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Tha Eadigan Saelidan

Tha Eadigan Saelidan: The Happy Mariners is the title of a poem by J.R.R. Tolkien. It is a revised version of a poem earlier published as 'The Happy Mariners'.[1]

'Tha Eadigan Saelidan: The Happy Mariners' was first published in 1923 within A Northern Venture on pages 282-283, and was later reprinted by Christopher Tolkien in The Book of Lost Tales Part Two (pp.273–74).

[edit] Poem

I know a window in a western tower

That opens on celestial seas,

And wind that has been blowing round the stars

Comes to nestle in its tossing draperies.

It is a white tower builded in the Twilight Isles,

Where Evening sits for ever in the shade;

It glimmers like a spike of lonely pearl

That mirrors beams forlorn and lights that fade;

And sea goes washing round the dark rock where

it stands,

And fairy boats go by to gloaming lands

All piled and twinkling in the gloom

With hoarded sparks of orient fire

That divers won in waters of the unknown Sun–

And, maybe, ’tis a throbbing silver lyre,

Or voices of grey sailors echo up

A float among the shadows of the world

In oarless shallop and with canvas furled;

For often seems there ring of feet and song,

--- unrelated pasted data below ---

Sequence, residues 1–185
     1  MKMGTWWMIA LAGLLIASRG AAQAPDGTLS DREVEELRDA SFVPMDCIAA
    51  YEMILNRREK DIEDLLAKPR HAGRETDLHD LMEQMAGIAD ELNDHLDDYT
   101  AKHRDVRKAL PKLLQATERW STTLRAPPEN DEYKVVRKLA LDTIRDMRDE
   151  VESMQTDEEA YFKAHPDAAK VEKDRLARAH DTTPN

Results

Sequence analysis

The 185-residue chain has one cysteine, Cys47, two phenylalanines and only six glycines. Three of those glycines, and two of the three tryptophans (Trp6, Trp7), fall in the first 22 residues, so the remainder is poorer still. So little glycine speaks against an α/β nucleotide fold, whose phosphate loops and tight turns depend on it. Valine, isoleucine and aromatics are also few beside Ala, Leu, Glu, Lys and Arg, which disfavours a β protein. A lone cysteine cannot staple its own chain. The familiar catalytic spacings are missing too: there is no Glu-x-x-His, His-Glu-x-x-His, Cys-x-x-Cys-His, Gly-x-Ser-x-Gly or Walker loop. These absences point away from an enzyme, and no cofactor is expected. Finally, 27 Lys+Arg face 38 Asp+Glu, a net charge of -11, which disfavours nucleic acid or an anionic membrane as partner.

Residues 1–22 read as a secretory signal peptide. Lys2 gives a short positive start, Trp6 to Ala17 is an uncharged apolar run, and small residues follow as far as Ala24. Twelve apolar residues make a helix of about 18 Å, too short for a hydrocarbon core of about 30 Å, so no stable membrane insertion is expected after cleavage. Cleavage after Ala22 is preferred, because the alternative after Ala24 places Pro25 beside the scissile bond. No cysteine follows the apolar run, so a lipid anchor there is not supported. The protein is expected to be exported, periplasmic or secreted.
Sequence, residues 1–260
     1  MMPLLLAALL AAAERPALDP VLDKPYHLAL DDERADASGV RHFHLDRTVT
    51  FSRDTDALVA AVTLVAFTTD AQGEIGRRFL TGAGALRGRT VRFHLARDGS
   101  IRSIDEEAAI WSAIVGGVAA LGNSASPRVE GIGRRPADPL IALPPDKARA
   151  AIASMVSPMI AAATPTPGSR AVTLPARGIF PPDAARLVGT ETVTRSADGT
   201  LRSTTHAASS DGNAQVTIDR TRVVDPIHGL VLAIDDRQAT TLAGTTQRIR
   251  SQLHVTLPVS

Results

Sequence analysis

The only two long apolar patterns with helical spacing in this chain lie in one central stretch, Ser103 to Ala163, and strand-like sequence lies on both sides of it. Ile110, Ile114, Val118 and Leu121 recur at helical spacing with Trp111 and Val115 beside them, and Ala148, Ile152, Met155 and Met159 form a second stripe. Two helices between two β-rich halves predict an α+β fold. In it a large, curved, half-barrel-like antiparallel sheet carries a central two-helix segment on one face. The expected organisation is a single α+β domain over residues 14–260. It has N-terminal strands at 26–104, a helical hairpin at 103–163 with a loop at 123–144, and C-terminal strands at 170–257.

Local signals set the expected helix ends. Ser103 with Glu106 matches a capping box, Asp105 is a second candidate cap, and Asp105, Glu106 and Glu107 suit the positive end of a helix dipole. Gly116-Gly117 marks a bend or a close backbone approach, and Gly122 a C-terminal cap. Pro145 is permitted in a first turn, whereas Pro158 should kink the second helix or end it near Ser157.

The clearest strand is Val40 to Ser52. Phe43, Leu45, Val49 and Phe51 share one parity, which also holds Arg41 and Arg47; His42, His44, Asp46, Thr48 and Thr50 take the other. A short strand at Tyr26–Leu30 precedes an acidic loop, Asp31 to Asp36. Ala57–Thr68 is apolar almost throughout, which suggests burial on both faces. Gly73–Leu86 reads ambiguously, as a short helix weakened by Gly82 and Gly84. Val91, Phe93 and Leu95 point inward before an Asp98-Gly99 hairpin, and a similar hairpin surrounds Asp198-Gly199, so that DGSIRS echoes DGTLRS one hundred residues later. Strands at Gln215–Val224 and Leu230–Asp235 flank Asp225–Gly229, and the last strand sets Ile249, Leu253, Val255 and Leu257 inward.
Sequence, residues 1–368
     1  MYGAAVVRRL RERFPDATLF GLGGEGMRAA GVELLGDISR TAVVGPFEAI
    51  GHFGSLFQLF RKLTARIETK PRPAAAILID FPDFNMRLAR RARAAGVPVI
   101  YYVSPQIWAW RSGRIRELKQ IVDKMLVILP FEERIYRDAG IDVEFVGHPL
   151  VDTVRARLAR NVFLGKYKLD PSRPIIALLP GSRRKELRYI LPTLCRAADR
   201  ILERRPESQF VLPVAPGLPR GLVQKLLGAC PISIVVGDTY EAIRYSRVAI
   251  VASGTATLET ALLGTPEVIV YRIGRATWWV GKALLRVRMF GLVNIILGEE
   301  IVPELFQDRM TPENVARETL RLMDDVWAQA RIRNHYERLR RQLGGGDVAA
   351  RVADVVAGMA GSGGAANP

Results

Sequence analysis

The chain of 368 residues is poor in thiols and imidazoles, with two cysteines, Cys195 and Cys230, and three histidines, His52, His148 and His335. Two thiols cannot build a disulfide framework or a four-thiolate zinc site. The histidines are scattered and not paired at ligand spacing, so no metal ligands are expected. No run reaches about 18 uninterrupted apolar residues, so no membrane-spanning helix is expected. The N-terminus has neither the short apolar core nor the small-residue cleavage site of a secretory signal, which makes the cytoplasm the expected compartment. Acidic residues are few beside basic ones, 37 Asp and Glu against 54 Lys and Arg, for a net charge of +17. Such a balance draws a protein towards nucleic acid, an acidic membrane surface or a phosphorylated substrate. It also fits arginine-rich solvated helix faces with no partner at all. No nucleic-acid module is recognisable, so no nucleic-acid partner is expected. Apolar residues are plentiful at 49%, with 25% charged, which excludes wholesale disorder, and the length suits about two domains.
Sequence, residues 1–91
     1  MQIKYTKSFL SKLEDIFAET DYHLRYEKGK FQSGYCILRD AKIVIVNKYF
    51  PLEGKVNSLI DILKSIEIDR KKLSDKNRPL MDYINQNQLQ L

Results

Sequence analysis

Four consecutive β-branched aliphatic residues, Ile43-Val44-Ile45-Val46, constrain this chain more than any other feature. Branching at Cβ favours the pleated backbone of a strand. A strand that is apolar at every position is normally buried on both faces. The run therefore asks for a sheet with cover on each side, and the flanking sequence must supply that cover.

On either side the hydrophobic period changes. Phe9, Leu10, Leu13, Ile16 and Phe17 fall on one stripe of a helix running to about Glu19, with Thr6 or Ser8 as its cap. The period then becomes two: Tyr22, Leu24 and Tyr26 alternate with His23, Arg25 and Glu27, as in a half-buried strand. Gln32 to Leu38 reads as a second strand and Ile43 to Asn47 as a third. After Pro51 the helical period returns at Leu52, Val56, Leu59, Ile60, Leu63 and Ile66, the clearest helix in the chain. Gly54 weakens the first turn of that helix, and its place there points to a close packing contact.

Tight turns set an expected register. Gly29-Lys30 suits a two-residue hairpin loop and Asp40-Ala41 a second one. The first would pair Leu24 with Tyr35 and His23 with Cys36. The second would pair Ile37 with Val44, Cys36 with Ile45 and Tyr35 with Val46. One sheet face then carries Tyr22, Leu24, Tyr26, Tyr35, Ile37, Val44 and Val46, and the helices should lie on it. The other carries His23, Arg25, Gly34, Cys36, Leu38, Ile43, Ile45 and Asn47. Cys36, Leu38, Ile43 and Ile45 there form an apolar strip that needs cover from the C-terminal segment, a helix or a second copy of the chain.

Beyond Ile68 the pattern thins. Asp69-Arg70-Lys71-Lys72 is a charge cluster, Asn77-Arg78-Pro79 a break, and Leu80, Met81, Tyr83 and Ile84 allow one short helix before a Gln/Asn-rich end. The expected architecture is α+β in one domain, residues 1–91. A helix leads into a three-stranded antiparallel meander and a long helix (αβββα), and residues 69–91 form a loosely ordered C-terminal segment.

Or the twilit twinkle of a trembling gong.


O! happy mariners upon a journey long

To those great portals on the Western shores

Where far away constellate fountains leap,

And dashed against Night’s dragon-headed doors

In foam of stars fall sparkling in the deep.

While I alone look out behind the Moon.


From in my white and windy tower,

Ye bide no moment and await no hour,

But chanting snatches of a mystic tune

Go through the shadows and the dangerous seas

Past sunless lands to fairy leas

Where stars upon the jacinth wall of space

Do tangle burst and interlace.

Ye follow Earendel through the West,

The shining mariner, to Islands blest;

While only from beyond that sombre rim

A wind returns to stir these crystal panes

And murmur magically of golden rains

That fall for ever in those spaces dim.


  1. "Northern Venture, A" in J.R.R. Tolkien Encyclopedia: Scholarship and Critical Assessment, p.459